There are many sites that will honor this request, but there are many others that will choose to ignore it. We hardly think they will be honored by the likes of Facebook, Google, YouTube, Pandora, Netflix, LinkedIn for some.
The FCC has chosen not to enforce the requests in a major blow to Internet privacy for users in the past week as per a the Consumer Watchdog Petition to require the requests be enforced. http://transition.fcc.gov/Daily_Releases/Daily_Business/2015/db1106/DA-15-1266A1.pdf
Last week several sites reported that Chrome OS was merging with Android to make one system that will run on Chromebooks and Android devices.
Examples of the reports:
These rumors are not true. At least not to the extent they’ve been reported. Chrome OS will always be Chrome OS according to Google’s Chrome blog. In the article they say that Chromebooks are listed as the best-selling laptop computer on Amazon.com. They say they will keep developing Chromebooks and they will only get better over time.
The Victor crew found a program you can download to help protect you from exploits. There is a free version and a paid version from Malwarebytes called Malewarebytes Anti-Exploit. Once you download and install it, it will add some layers of protection to your browsers, browser add-ons and Java. The paid version will also shield some Microsoft Office programs (Word, Excel, and Powerpoint) and Media Players, and allow you to add and manage custom shields. The paid version costs $24.95/year and will cover 3 PCs.
This is not an anti-virus program, but will give real-time protection against vulnerable sites. It will protect Microsoft Internet Explorer, Mozilla Firefox, Google Chrome, Opera and others.
What makes the Apple Watch so easy to steal? It doesn’t come with enough security. If a pick-pocket were to grab it, he can easily reset it and you’re dumb out of luck. There is no activation lock to keep someone from a major reset and taking it over.
There were also reports of people easily drawing funds from bank accounts through refillable Starbucks accounts. Starbucks claims they weren’t hacked but rather hackers figured out users credentials and got into their accounts that way. Just another reason not to use public wi-fi.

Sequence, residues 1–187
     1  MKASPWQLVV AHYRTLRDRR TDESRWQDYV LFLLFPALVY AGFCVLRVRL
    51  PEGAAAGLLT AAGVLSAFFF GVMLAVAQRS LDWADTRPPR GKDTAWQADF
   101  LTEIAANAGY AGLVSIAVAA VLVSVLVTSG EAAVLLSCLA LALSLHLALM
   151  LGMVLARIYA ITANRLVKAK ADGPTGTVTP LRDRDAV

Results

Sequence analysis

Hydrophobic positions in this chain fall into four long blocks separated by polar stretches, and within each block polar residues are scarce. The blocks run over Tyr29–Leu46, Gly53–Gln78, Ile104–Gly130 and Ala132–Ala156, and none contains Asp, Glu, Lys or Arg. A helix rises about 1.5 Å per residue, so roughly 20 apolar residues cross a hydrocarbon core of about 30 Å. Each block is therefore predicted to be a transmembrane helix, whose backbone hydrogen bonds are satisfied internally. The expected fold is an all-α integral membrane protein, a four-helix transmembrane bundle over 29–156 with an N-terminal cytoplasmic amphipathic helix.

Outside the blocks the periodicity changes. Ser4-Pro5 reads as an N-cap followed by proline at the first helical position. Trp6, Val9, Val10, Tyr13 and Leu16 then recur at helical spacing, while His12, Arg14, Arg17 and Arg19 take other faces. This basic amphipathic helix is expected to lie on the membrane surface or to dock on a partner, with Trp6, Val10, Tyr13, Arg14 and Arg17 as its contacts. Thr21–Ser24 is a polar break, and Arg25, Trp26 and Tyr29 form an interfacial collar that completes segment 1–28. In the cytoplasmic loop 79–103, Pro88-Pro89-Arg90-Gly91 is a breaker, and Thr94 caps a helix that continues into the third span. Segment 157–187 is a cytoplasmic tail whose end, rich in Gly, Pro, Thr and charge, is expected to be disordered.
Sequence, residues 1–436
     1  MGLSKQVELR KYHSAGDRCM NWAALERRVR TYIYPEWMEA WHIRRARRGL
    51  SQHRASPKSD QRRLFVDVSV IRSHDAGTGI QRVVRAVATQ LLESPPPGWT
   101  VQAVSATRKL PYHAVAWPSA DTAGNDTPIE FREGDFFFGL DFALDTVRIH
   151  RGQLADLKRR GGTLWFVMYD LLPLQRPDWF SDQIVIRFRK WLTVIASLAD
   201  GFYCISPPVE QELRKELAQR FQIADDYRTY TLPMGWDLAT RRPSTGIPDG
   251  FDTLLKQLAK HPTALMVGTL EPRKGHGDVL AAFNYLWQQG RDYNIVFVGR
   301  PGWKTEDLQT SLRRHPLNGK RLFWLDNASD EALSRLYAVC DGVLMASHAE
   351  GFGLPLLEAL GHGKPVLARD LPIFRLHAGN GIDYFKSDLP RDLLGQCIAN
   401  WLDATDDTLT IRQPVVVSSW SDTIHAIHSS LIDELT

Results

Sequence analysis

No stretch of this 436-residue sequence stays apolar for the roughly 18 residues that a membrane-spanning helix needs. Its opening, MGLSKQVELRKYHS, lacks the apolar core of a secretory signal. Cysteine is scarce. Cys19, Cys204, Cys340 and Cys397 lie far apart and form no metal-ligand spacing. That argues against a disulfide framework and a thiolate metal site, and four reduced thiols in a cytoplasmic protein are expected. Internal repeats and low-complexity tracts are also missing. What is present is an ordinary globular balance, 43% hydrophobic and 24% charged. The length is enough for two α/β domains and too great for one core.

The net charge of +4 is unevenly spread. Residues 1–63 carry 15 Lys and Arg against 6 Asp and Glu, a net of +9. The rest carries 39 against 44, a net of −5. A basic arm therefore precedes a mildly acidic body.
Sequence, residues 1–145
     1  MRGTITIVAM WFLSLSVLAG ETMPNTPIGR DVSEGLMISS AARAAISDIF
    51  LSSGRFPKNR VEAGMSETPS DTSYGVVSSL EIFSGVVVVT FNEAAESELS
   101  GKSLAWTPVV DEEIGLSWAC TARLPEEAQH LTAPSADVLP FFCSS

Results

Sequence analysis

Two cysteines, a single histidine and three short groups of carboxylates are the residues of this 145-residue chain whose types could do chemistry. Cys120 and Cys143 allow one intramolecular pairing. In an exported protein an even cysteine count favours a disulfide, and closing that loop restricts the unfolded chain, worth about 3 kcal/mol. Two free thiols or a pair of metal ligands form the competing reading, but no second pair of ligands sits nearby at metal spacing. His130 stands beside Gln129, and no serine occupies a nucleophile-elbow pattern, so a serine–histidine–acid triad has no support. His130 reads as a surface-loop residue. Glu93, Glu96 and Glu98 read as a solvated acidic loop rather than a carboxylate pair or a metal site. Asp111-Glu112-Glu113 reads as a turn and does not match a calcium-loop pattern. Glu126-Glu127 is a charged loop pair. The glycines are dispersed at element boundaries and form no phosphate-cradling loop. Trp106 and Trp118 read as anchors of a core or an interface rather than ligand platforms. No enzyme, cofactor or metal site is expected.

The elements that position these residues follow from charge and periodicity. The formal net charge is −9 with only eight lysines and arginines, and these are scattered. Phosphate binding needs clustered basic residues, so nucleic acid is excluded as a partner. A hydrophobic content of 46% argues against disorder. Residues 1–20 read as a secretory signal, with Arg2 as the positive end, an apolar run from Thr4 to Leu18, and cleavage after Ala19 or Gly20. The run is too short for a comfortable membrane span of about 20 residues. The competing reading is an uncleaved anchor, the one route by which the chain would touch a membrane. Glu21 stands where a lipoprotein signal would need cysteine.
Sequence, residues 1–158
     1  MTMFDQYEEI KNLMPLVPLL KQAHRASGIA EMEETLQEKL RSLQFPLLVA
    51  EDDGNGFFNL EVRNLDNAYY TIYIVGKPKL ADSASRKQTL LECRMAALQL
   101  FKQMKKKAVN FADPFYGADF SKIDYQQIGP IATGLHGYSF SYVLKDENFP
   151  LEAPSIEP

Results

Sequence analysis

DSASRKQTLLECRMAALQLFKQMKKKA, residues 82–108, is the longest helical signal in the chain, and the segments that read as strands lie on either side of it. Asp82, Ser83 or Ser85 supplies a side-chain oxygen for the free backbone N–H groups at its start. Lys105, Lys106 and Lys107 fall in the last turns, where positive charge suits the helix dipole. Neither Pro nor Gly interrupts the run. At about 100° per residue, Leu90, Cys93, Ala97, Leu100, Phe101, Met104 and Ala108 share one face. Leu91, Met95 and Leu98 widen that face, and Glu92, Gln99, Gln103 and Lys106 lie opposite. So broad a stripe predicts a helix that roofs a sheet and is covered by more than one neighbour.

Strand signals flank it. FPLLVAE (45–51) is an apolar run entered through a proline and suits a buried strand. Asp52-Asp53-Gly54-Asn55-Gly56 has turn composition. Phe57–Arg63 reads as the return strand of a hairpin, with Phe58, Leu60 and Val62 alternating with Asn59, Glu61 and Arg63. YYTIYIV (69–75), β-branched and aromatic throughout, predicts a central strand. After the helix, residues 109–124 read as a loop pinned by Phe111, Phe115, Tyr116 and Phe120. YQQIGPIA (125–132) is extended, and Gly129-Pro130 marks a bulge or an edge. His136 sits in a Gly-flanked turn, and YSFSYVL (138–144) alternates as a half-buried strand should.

If you are a Chrome user, there is a new plugin you can add to help you gain some more of your memory. In your browser that is. It is called The Great Suspender. I twill automatically suspend unused tabs. How many times do you have a bunch of tabs open? You can only look at one at a time. You can configure when it will suspend a tab or do it manually. All you have to do is click to reload a suspended tab. It’s worth checking out.
Jody‘s crew likes to stay up to date on some of the latest news in tech out there. Here are a few interesting finds:
Verizon FiOS – Upload speeds will now match download speeds. If you have 75mps download speed, you will now have 75mps upload speed as well. If you are enrolled in the MyRewards+ program, you will get your equalizing speeds sooner than those not enrolled. This will continue through the fall. Read about it here.
Google Chrome – Google is finally addressing a bug in its Chrome browser that eats up system resources. It seems to show more on laptops where resources are more noticeably affected by it. Rather than changing the rate of usage by what it’s doing, it stays clocked at the highest possible rate as long as it is open. Solution for laptop users – use a different browser.
Toyota – The newest Toyota Sienna minivan has an optional built-in microphone to amplify the driver’s voice through the speakers. It only works one way. It is called “Driver Speak Easy.” So “stop fighting or I’ll pull the car over” will be heard more readily! There are a some other new features on this minivan like a pull-down mirror so the driver can check on the kids without turning around, a Blue-ray entertainment system in the back.
If you are using Chrome and haven’t signed out of the browser, and you share your computer or your computer is stolen, then you have shared any passwords you have saved in the browser. Anyone can simply go to chrome://settings/passwords to view the passwords you have saved. There is no other security applied.
Unlike Firefox. You can set a master password that you have to enter before you can see the saved password. This adds a layer in Firefox’s security.
IE encrypts passwords and you can’t easily view them. You can download IE Passview to see them.
The bottom line is, if you share a computer or travel with your laptop, make sure you are logged out of all your browsers and logged out of the operating system. Make sure all user accounts are password protected.
~ Jody Victor